FORT BRAGG, N.C. - First line leaders, comprised of newly promoted or newly assigned officers and noncommissioned officers from the 18th Field Artillery Brigade, attended a two-day Basic First Line Leaders Course (BFLLC) here at Fort Bragg on Feb. 9-10.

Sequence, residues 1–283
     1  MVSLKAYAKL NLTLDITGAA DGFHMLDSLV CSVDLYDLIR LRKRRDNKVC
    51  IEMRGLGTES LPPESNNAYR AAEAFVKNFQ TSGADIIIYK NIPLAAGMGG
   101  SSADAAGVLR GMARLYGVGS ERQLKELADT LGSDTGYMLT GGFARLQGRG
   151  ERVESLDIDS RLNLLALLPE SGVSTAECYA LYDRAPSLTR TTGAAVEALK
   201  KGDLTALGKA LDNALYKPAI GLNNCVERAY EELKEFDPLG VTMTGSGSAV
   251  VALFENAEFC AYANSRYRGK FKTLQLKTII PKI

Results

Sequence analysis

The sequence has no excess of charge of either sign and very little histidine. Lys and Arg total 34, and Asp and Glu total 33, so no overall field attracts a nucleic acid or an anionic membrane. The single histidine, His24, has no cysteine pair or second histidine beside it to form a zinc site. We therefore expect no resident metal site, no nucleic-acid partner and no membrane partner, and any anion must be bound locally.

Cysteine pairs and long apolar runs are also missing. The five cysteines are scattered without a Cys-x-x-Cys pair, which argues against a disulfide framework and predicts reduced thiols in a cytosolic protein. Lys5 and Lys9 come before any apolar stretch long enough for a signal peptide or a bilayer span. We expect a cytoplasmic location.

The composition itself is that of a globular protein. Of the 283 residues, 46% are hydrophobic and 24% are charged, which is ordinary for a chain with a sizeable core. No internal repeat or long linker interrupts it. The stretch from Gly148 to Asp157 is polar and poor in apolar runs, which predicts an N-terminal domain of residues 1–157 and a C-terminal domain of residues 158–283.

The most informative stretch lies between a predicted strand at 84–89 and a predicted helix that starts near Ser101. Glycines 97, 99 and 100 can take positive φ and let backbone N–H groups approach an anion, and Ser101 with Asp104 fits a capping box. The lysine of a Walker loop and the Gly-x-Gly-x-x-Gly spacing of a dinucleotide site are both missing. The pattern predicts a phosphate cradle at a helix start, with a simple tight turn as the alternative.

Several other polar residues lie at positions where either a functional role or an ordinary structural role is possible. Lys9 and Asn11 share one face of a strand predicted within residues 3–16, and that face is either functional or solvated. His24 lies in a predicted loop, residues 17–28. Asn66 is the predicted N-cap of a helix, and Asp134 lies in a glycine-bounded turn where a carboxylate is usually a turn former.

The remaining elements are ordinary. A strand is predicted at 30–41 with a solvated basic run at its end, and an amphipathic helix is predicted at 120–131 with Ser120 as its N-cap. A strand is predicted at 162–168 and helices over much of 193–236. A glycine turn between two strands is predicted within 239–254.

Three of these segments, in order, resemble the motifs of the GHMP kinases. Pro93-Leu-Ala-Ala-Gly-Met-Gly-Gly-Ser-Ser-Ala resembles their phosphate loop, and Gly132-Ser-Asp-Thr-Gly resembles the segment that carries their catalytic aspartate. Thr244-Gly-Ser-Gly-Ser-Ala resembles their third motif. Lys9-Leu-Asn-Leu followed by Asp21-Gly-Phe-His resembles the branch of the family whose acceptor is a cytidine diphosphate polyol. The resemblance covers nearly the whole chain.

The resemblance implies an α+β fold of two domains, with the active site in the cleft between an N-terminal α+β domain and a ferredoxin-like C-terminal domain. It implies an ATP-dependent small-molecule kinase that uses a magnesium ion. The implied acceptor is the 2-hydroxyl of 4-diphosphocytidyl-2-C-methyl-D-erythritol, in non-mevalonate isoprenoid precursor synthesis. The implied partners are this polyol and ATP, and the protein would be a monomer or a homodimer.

The brigade started the course in 2012 to instill in the leaders an awareness and understanding of the command and community resources they would need to aid their Soldiers."BFLLC is a critical condition setter that establishes expectations and Commander's intent for newly assigned and promoted leaders in the brigade," said Sgt. Maj. Ricky Davis, former command sergeant major of 3rd Battalion, 27th Field Artillery Regiment. "The course provides leader-to-leader discussion and places emphasis on Army Policy and procedures to grow talent for the Army and the brigade."The course utilizes the resources available from the Center for the Army Profession and Ethic (CAPE). Soldiers engaged in direct discussions with leaders at the battery, battalion and brigade levels. Topics included Standards and Discipline, Trust, Military Expertise, Stewardship and Honorable Service. Brigade Chaplain Chuck Williams oversaw the two-day training."As a chaplain, we are the religious, moral and ethical mouthpiece for the brigade and the Soldiers," said Williams. "Leadership is a moral issue to preserve good order and discipline, and to influence right thinking and appropriate conduct as well as to address inappropriate behavior.""Through the course, we train first line leaders in the principles of leadership and their place as leaders in the Army profession," said Williams. "It also gives them the tools they need as they endeavor to lead their Soldiers and the resources available at both the unit level and the installation."Since BFLLC was started in the brigade four years ago, there has been a noticeable change in the performance of the first line leaders and the impact they've had on their Soldiers."When I first arrived at the unit in July of 2014, the brigade had quite a few leadership issues, particularly at the first line level," said Williams. "The brigade commander at the time requested that I revamp the course so after I did that we had our next BFLLC in October of 2014 and we trained over 150 Soldiers. Over the following year our leadership problems and discipline issues among our Soldiers dropped noticeably. Over this past holiday season, I think we had only one serious issue, so there has been a measurable diminishing of bad conduct in regards to first line leaders."2nd Lt. Michael J. Burke, a transportation officer with the 188th Brigade Support Battalion, is a recent arrival to the unit and was one of several lieutenants to attend the two-day BFLLC."I think having the noncommissioned officers and commissioned officers learning some of the assets that the brigade has and that's available to them is important," said Burke, referencing the Equal Opportunity and Sexual Harassment/Assault Response and Prevention (SHARP) resources in the brigade. "It gives us a better opportunity to serve our Soldiers and I think the Army Profession is something that every Soldier should know.""With the Army being such a diverse organization, making the Army Profession specifically laid out, what we all stand for as a team, regardless of what our background is, is something that helps build unit cohesion," continued Burke."As one of the most important roles I'll probably hold during my developmental years of being a platoon leader, I can foresee using a lot of the lessons learned," said Burke. "Specifically to the Army Profession, to uphold the standards that we should all be holding ourselves and each other accountable."Cpl. Courtney Lewis, a target acquisition Soldier and senior radar operator with HHB Brigade, is a newly promoted NCO and was among nearly a dozen other NCOs who attended BFLLC."It was a good class for bettering our leadership qualities because it taught us things we needed to know such as counseling, SHARP, EO, ASAP and resources we could use to help our Soldiers," said Lewis. "I liked finding our own leadership styles and qualities, and what we were good at and what we lacked in, and how we could improve ourselves as leaders.""What I got most out of BFLLC was the sessions on stewardship and Army customs and courtesies," continued Lewis. "The classes gave me a better understanding so I can better help my Soldiers."Lewis gained new understandings on her role as a leader in the brigade since attending BFLLC."The presentation on counseling was very helpful," said Lewis. "This is the first unit I've done counseling statements in and though I felt like I had a pretty good understanding of them previously, I got a lot out of what the master sergeant was telling us and how to talk to Soldiers and get them to open up to you.""It's good for everyone to learn these things that will better themselves as leaders, and everyone needs improvement," added Lewis. "It was good to hear other peoples' styles of leadership and how they handle situations."